Journalist Tom Nugent, author of our headlined story, “‘Sister Cathy’ murder cold case warms up,” appears as himself in the Netflix documentary series, “The Keepers.” Over seven gripping episodes, the story of murder and alleged child sexual abuse unfolds with Nugent providing narration. The documentary, which some call addictive, has an impressive 96% favorable rating at the film review website Rotten Tomatoes.
The Sam Adams Associates for Integrity in Intelligence gathered recently in Washington, D.C., to present an award to investigative journalist Seymour (Sy) Hersh. Hersh revealed in 1969 the massacre of civilians at My Lai (Viet Nam), and exposed torture at Abu Ghraib in 2004. More recently, he challenged the truthfulness of government accounts of an alleged chemical weapons attack in Syria.
“My guilt will never go away,” former Marine Matthew Hoh explained to me. “There is a significant portion of me that doesn’t believe it should be allowed to go away, that this pain is fair.”
If America accepts the idea of fighting endless wars, it will have to accept something else as well: that the costs of war are similarly endless. I’m thinking about the trillions of dollars, the million or more “enemy” dead (a striking percentage of them civilians), the tens of thousands of American combat casualties, those 20 veteran suicides each day, and the diminished lives of those who survive all of that. There’s that pain, carried by an unknown number of women and men, that won’t disappear, ever, and that goes by the label “moral injury.”
History shows that federal agencies are prone to be dismissive of whistleblower complaints. Nevertheless, it’s shocking to read that the Comptroller of the Currency, the federal banking regulator, failed to investigate 700 whistleblower complaints about fraudulent Wells Fargo practices, an internal review disclosed.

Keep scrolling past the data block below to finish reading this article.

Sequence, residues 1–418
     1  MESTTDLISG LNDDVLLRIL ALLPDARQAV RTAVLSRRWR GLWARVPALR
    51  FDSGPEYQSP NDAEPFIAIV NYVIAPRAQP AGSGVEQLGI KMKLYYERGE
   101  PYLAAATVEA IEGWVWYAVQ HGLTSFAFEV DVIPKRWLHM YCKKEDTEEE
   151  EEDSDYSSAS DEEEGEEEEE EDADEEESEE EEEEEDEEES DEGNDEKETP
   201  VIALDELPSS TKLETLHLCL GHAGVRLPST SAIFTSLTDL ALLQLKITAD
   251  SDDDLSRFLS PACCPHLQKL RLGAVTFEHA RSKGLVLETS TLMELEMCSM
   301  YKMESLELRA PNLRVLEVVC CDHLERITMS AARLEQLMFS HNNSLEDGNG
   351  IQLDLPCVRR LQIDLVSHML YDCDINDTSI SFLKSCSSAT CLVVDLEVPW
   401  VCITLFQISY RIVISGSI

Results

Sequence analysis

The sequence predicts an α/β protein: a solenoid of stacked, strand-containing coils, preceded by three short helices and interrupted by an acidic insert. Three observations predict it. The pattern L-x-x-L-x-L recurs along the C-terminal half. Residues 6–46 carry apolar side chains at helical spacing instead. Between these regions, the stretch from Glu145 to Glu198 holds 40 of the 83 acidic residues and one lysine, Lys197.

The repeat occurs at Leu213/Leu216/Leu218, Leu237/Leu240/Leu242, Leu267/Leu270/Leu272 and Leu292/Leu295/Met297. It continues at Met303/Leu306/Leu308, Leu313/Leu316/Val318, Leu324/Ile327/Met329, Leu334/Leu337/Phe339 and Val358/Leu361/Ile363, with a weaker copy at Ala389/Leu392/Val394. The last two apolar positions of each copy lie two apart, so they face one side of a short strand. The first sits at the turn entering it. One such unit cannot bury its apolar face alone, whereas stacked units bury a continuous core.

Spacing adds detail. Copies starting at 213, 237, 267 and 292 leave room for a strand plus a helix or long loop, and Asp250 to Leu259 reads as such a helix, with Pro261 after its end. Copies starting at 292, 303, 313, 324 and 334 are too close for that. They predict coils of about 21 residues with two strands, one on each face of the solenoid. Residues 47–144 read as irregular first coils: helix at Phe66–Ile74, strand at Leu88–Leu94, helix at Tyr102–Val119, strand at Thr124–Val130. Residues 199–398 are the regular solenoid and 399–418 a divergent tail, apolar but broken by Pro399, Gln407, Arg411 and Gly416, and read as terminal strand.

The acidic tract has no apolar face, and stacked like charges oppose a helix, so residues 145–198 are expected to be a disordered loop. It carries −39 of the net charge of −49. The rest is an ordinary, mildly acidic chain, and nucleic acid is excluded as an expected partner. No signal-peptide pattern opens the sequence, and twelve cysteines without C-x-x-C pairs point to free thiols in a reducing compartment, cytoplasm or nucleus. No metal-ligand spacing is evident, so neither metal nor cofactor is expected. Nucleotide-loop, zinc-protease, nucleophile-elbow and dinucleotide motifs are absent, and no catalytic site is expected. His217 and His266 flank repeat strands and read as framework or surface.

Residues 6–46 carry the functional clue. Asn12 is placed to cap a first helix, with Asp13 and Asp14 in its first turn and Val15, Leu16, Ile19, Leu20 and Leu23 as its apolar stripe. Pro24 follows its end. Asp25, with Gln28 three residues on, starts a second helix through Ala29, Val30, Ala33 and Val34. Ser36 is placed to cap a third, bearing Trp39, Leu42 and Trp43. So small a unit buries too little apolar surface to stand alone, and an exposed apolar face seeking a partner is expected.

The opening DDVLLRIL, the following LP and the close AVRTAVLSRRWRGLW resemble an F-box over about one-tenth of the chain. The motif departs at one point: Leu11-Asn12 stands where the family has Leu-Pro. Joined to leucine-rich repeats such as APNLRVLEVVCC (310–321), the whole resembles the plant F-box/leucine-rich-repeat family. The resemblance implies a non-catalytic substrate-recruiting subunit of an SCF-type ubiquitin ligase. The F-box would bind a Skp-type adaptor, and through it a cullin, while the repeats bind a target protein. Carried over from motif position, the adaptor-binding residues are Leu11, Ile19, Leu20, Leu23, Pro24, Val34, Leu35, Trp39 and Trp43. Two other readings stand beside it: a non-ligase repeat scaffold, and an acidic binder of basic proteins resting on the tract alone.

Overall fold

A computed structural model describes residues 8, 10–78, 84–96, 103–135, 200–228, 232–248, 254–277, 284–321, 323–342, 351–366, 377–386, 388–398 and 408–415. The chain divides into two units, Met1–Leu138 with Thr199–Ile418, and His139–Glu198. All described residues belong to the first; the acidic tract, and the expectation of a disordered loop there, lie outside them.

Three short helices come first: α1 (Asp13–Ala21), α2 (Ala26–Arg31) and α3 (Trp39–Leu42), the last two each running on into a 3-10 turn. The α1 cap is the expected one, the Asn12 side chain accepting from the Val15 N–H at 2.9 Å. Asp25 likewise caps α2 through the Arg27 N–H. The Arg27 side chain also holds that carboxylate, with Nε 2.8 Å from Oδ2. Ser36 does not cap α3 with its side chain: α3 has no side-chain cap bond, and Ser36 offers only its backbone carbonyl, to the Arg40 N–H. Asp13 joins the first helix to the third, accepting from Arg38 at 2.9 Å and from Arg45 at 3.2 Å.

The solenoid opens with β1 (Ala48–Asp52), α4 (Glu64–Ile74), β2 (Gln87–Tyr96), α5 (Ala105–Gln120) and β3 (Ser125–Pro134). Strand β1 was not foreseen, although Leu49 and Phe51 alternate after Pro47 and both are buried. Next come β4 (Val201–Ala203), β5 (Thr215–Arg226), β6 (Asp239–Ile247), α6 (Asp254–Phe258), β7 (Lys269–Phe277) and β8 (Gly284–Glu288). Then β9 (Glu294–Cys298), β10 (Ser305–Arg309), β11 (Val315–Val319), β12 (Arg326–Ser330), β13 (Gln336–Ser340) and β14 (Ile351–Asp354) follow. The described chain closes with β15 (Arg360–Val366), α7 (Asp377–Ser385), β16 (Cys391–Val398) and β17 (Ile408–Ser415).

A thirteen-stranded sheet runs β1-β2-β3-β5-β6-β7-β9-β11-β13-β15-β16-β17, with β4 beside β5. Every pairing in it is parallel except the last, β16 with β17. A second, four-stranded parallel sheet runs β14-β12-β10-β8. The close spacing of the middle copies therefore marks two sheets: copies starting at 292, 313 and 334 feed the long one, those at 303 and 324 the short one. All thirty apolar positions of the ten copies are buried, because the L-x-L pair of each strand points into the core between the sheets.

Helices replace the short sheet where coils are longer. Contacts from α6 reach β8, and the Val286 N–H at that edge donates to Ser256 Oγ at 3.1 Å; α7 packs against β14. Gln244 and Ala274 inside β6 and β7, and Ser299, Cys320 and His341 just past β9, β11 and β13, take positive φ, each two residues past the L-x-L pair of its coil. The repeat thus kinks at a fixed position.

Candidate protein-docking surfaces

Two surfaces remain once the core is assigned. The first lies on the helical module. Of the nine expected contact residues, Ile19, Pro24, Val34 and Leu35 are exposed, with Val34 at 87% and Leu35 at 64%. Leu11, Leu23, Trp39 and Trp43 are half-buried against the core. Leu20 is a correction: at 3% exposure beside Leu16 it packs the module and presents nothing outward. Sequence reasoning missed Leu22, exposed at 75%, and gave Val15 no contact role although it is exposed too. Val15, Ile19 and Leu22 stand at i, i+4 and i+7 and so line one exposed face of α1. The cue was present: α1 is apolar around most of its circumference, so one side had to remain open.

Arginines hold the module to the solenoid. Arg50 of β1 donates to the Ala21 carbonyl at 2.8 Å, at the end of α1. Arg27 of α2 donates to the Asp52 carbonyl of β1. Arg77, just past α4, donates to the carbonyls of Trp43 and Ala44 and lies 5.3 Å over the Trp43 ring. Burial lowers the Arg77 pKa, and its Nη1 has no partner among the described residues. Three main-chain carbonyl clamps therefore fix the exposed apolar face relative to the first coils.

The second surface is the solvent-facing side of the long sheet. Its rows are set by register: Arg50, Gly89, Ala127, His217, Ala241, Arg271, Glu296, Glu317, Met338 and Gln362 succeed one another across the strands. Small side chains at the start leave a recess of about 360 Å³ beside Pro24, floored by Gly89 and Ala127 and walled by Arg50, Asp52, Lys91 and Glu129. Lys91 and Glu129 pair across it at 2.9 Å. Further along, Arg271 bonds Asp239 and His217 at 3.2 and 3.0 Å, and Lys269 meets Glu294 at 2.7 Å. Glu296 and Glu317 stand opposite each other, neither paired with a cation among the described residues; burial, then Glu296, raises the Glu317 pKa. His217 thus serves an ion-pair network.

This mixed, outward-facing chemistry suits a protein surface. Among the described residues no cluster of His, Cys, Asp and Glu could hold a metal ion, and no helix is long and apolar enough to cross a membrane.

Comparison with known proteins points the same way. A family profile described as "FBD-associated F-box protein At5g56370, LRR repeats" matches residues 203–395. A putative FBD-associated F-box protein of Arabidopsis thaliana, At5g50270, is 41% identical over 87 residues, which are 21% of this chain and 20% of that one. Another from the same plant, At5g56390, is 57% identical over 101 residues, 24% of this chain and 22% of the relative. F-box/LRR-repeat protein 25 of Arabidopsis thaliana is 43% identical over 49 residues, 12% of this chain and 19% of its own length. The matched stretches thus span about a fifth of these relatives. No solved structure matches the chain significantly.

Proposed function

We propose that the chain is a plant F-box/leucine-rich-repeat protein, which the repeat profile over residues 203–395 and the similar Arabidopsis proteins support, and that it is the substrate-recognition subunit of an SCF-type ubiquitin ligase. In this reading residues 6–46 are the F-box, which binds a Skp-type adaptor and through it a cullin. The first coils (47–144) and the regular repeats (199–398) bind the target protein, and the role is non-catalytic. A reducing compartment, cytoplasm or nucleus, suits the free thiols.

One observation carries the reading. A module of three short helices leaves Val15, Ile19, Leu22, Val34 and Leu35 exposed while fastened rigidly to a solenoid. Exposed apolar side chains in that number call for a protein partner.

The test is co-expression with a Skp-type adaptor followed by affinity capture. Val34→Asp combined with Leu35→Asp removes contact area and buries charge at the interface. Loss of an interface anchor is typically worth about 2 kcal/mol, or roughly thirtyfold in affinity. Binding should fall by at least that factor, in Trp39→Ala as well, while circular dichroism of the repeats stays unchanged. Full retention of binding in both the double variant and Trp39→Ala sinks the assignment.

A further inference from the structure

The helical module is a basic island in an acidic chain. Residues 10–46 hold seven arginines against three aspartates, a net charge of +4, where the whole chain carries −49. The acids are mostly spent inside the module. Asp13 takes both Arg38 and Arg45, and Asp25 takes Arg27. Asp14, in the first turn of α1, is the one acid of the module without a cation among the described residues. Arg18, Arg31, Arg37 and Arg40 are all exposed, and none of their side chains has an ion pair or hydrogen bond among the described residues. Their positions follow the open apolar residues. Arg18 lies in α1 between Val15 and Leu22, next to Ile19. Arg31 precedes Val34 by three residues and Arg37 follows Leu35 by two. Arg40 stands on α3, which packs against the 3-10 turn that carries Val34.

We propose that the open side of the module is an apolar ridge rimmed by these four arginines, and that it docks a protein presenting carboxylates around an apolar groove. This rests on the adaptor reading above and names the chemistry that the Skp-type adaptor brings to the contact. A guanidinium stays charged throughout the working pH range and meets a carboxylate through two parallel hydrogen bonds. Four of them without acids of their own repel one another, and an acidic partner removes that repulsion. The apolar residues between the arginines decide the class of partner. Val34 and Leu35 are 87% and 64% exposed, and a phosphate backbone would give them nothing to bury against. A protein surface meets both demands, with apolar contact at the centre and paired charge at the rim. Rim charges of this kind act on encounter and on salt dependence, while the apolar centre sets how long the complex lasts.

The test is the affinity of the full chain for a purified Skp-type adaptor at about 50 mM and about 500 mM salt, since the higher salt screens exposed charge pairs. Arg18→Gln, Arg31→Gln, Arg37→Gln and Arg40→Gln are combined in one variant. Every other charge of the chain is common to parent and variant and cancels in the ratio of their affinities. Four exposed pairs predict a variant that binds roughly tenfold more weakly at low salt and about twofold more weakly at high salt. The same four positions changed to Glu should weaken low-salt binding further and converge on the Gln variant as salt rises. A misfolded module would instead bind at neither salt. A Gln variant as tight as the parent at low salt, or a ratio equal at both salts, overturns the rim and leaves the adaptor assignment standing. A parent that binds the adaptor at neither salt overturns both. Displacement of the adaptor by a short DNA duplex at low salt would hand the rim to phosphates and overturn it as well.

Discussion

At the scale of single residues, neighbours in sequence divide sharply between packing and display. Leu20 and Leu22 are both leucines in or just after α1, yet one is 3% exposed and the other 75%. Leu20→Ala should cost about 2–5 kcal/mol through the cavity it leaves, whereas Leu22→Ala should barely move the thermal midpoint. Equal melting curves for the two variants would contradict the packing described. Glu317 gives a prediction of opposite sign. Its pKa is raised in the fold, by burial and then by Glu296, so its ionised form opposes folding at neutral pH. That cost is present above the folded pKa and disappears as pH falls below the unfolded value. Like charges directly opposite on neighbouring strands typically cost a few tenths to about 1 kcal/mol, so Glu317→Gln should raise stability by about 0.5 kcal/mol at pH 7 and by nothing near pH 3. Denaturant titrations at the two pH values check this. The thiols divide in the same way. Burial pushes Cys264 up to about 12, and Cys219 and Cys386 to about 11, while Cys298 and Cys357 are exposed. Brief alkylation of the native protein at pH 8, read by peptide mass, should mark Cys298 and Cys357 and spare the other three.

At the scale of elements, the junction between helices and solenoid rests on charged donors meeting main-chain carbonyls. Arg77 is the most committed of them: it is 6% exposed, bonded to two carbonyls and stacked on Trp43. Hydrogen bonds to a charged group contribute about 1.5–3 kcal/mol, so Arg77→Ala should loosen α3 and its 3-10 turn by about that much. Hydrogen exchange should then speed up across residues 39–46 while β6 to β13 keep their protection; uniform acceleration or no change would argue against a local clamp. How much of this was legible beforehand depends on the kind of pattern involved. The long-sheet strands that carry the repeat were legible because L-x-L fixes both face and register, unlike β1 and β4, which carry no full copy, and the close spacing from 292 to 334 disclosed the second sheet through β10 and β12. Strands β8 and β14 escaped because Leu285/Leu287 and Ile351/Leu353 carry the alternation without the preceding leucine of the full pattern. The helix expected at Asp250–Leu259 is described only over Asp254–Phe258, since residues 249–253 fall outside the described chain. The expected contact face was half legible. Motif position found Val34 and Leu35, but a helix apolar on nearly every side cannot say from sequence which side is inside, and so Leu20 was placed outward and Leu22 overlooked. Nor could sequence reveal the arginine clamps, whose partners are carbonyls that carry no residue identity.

Chelsea Manning left Ft. Leavenworth prison today at 2 a.m. Central Time. She had served seven years of an extreme 35-year sentence for whistleblowing, a sentence President Obama commuted just before leaving office.
In prison, the Army private, formerly known as Bradley Manning, struggled for transgender rights and wrote about her upcoming release, “For the first time, I can see a future for myself as Chelsea, I can imagine surviving and living as the person who I am and can finally be in the outside world.” Upon release, she expressed appreciation for “the wonderful support that I have received from so many people across the world over these past years.”
President Donald Trump signed an Executive Order on April 27 establishing, within 45 days, an Office of Accountability and Whistleblower Protection, to be led by a Special Assistant to the Secretary.
The office will “work closely with relevant VA components to ensure swift and effective resolution of veterans’ complaints of wrongdoing at the VA” and to “ensure adequate investigation and correction of wrongdoing throughout the VA, and to protect employees who lawfully disclose wrongdoing from retaliation.”
In a recent article, “Democrats on Capitol Hill ask White House not to gag federal employees“, the Washington Post quotes from a Congressional letter to President Trump.
“As the new Administration seeks to better understand what problems exist in this area, this is an appropriate time to remind employees about the value of protected disclosures to Congress and inspectors general in accordance with whistleblower protection law,” their letter added.
The White House announced Tuesday that President Obama has commuted whistleblower Chelsea Manning’s 35-year prison sentence, allowing her to be released from Fort Leavenworth on May 17, 2017. Manning’s sentence, wrote the New York Times, was “the longest ever handed down in a case involving a leak of United States government information for the purpose of having the information reported to the public.”